ChemxSeer: search engine for chemical formulae Wednesday, 1 August 2007 11:17 amPosted by Dongmei in chemistry, Internet Resources, search engines.
I blogged about CiteSeer in the past (see CiteSeer, techXtra and computer science literature), a targeted search engine for computer science, info tech, etc. Now, Dr. Giles (one of the developers of CiteSeer) and his students and colleagues at Penn State have developed another targeted search engine for chemistry.
So what is it?
From the news release:
ChemxSeer, the first publicly available search engine designed specifically for chemical formulae, can sort out when “He” refers to helium and not a person more than nine times out of 10, according to the Penn State College of Information Sciences and Technology (IST) researchers who created the tool.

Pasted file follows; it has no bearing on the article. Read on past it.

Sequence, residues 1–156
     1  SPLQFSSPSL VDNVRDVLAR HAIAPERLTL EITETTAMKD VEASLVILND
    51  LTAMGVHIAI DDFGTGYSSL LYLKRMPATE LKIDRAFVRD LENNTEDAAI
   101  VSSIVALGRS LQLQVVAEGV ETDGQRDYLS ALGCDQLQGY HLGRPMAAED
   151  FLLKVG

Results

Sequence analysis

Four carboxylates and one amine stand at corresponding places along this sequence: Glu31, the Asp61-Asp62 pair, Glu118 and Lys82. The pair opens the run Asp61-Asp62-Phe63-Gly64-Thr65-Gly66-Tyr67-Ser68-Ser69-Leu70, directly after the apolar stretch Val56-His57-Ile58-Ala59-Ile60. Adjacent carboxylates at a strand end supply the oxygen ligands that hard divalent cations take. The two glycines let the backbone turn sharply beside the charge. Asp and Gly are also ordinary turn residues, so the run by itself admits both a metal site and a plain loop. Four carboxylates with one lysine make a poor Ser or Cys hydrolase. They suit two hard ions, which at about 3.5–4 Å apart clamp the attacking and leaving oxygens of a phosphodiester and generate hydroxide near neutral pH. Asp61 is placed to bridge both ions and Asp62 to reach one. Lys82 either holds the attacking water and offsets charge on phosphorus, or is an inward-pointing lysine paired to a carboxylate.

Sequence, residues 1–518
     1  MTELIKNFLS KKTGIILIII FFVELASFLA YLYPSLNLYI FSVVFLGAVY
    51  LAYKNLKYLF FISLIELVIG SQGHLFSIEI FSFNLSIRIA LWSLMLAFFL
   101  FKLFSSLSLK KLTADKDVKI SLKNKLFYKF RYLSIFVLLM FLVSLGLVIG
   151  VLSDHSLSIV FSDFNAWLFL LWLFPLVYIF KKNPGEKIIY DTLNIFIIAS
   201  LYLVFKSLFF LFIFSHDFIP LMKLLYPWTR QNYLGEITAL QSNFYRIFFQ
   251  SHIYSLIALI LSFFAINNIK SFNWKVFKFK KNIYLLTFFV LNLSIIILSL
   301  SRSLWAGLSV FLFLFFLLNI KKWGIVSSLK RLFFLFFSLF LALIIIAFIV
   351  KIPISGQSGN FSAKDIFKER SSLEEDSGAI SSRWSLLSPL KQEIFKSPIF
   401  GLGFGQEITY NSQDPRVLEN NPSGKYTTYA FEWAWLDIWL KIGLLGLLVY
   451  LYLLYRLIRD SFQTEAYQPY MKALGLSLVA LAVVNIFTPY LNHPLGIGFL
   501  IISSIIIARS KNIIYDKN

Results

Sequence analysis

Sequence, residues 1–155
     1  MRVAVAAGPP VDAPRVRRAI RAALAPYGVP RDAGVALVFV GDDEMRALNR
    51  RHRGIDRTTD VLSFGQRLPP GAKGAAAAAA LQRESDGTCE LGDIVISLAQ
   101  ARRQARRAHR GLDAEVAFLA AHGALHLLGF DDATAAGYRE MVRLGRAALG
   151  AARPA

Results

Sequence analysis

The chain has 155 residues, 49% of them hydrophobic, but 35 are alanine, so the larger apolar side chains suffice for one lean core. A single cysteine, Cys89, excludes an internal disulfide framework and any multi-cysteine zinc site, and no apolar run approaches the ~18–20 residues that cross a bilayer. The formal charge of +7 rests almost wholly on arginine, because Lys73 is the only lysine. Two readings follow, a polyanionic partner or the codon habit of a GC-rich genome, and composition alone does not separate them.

With the new engine, scientists searching for research on CH4 or methane no longer have to wade through search results about Channel 4 or Chapter 4 as ChemxSeer will only return documents with references to the chemical formula. “Results from our search engine are much more relevant than results returned by popular search engines,” Giles said. “It is one of several cyber tools under development in our lab which will enable better access to and sharing of information and data among scientists and scholars.”
One of many interesting features that make-up ChemxSeer is TableSeer.
From the web site:
This tool automatically identifies tables in digital documents and extracts the contents in the cells of the tables. The contents are stored in a queryable table in a database. TableSeer extracts table metadata, and uses a novel ranking function to search for tables relevant to user queries.